– Joe
    Commented Sep 2, 2021 at 14:46
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    $\begingroup$ I am reminded of a hypercube integral from arXiv:1608.03174 that equals a zeta function for any (odd or even) integer: $$\zeta(k)=\int_0^1 \frac{dx_1}{x_1} \int_0^{x_1}\frac{dx_2}{x_2} \cdots \int_0^{x_{k-2}}\frac{dx_{k-1}}{x_{k-1}} \int_0^{x_{k-1}} \frac{dx_k}{1-x_k}$$ $\endgroup$ Commented Sep 2, 2021 at 20:52
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    $\begingroup$ The key seems to be to compute the eigenvalues and eigenvectors of the integral operator $T$ on $L^2([0,1])$ with kernel $\frac{1}{x+y}$, since $I_{2n}$ is the kernel of $T^{2n+2}$ evaluated at $(1,1)$. In mathscinet.ams.org/mathscinet-getitem?mr=656439 it is observed that this operator commutes with the second order operator $\frac{d}{dx} x^2(1-x^2) \frac{d}{dx} - 2x^2$. Presumably the eigenfunctions here are essentially some classical special functions and this should give a zeta-like formula for $I_{2n}$, but I didn't carry out the computations further. $\endgroup$
    – Terry Tao
    Commented Sep 4, 2021 at 3:54

1 Answer 1


We have $$I_{2n}=\frac{(2n)!!}{(2n+1)!!}\cdot \frac1{2n+2}\cdot \pi^{2n}.$$ To see this, we follow the suggestion by Terry Tao in the comments and apply the diagonalization of the integral operator with the kernel $1/(x+y)$ on $[0,1]$. Change the variable to $1/x\in [1,\infty)$ and use (1.18) here (this is Mehler integral operator, as I understand) to diagonalize. Substituting the value of Legendre functions at 1, we get $$I_{2n}=\pi^{2n}\int_0^\infty x\tanh x/\cosh^{2n+2} x dx.$$ (The above part is suggested by Vladimir Petrov, I understand nothing about all this special functions and integral transforms stuff. But the answer for small $n$ coincides, so I guess everything is ok:) Well, you are free to ask for more details if necessary.)

For evaluating these integrals, integrate by parts noting that $$\tanh x/\cosh^{2n+2} x dx=\tanh x\cosh^{-2n} xd\tanh x=\frac12(1-\tanh^2 x)^nd\tanh^2 x\\=\frac{-1}{2(n+1)}(1-\tanh^2x)^{n+1},$$ thus $$I_{2n}=\pi^{2n}\cdot \frac1{2(n+1)}\int_0^\infty (1-\tanh^2x)^{n+1}dx=\pi^{2n}\cdot \frac1{2(n+1)}\int_0^1 (1-t^2)^{n}dt\\=\frac{\pi^{2n}}{2(n+1)}\cdot \frac {(2n)!!}{(2n+1)!!}$$ (here $t=\tanh^2 x$, the last integral is well known and may be calculated by induction or using Beta function or how do you prefer.)

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    $\begingroup$ Glad to see the calculation completed! One minor thing: I think (1.16) and (1.17) from that paper of V. Petrov are slightly more relevant than (1.18) (it uses the Mehler-Fock transform to diagonalise the integral operator $\tilde T f(x) := \int_1^\infty \frac{f(y)}{x+y}\ dy$ as a multiplier with symbol $\pi / \cosh \pi \xi$). Was a little surprised to see the operator having continuous spectrum instead of discrete, but I was misled by the compact nature of $[0,1]$. (The operator fails to be compact due to a divergence at $0$.) $\endgroup$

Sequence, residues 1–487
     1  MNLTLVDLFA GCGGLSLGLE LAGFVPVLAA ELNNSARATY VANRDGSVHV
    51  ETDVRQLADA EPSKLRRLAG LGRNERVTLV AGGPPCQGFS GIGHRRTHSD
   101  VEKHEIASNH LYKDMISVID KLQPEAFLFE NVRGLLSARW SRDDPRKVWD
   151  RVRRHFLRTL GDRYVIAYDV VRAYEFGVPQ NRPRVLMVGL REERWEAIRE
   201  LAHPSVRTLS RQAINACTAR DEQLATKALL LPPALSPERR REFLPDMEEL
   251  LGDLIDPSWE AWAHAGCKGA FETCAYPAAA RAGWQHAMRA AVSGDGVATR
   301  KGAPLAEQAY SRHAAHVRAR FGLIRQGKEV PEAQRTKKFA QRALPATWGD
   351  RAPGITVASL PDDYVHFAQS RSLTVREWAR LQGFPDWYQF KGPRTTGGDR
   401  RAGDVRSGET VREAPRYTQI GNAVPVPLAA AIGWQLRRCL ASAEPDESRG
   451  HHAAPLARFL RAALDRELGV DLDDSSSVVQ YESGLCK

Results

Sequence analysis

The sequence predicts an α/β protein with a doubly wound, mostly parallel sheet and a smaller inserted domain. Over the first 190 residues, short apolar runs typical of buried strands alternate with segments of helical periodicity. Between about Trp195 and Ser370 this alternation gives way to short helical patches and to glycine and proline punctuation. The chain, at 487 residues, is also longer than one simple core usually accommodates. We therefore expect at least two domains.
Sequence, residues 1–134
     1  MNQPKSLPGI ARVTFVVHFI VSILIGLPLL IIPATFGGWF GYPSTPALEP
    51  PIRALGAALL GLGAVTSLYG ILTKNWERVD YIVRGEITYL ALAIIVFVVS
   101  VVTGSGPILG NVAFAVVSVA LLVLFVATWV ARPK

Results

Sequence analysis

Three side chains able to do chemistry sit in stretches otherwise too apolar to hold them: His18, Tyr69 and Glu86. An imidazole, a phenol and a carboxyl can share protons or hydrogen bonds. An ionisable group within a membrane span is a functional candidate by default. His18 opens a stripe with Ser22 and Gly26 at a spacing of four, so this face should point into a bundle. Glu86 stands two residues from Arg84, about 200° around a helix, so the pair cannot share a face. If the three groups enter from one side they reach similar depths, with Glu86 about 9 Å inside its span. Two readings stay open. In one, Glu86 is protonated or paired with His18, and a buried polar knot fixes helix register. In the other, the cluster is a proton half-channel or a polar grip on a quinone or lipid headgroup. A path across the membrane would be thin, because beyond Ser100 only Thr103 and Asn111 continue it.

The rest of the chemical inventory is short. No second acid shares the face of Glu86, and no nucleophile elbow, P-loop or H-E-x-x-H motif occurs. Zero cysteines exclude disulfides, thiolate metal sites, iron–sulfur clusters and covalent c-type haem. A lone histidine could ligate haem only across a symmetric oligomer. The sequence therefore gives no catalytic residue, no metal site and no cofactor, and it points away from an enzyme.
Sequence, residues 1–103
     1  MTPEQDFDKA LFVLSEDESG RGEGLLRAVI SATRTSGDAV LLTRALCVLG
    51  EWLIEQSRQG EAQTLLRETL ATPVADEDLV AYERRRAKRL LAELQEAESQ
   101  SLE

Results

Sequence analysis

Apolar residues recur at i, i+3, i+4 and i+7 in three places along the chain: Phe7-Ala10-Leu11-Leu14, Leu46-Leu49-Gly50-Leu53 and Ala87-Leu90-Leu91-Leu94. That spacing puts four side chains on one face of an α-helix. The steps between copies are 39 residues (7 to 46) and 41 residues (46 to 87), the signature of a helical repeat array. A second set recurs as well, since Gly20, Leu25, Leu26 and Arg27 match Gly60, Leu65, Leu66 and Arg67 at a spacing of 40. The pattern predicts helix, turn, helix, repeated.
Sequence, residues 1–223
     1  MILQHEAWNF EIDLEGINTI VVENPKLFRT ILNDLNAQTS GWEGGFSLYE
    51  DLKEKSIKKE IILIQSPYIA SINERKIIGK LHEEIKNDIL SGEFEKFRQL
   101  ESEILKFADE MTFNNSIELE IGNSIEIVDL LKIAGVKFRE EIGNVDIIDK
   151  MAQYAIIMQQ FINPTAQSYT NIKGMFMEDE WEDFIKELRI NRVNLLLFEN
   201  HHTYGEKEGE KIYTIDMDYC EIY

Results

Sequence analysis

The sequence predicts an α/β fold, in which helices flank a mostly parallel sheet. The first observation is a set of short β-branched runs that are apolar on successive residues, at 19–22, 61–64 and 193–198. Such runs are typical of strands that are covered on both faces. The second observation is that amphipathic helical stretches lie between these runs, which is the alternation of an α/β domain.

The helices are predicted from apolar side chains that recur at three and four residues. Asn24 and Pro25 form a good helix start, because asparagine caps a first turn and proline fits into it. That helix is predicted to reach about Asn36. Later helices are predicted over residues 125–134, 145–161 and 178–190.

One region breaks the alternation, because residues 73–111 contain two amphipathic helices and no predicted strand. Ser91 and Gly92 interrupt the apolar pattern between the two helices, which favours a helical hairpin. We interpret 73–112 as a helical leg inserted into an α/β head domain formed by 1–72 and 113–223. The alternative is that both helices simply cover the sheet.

– Terry Tao
    Commented Sep 4, 2021 at 18:31
  • $\begingroup$ Wow this is beautiful! One can note that these fit quite neatly into the generating functional $\sum_{n=0}^{\infty} I_{2n} (\frac{\alpha}{\pi})^{2n+2} = \frac{1}{2 \pi^2}\mathrm{ArcSin}({\alpha})^2$. $\endgroup$
    – Joe
    Commented Sep 4, 2021 at 20:12
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    $\begingroup$ Certainly beautiful, but can someone explain to non experts what the first few lines of the proof mean ? In addition, I do not have access to the given papers. What is Mehler-Fock, etc... $\endgroup$ Commented Sep 4, 2021 at 20:40
  • $\begingroup$ Say, convolution operator $A$ (with kernel $a(x-y)$ on the real line) is diagonalized by Fourier transform (that means that $\mathcal{F}^{-1}A\mathcal{F}$ is an operator of multiplying by $a(x)$). Mehler--Fock is an integral tranform which diagonalizes the operator with kernel $1/(x+y)$ on $[1,\infty)$. en.wikipedia.org/wiki/Mehler–Fock_transform $\endgroup$ Commented Sep 4, 2021 at 20:53
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    $\begingroup$ By the way, $I_{2n+1}$ also has a similar formula, since $\int (1-t^2)^kdt$ is pretty calculable for half-integer $k$ aswell (all previous part is literally the same). $\endgroup$ Commented Sep 5, 2021 at 9:50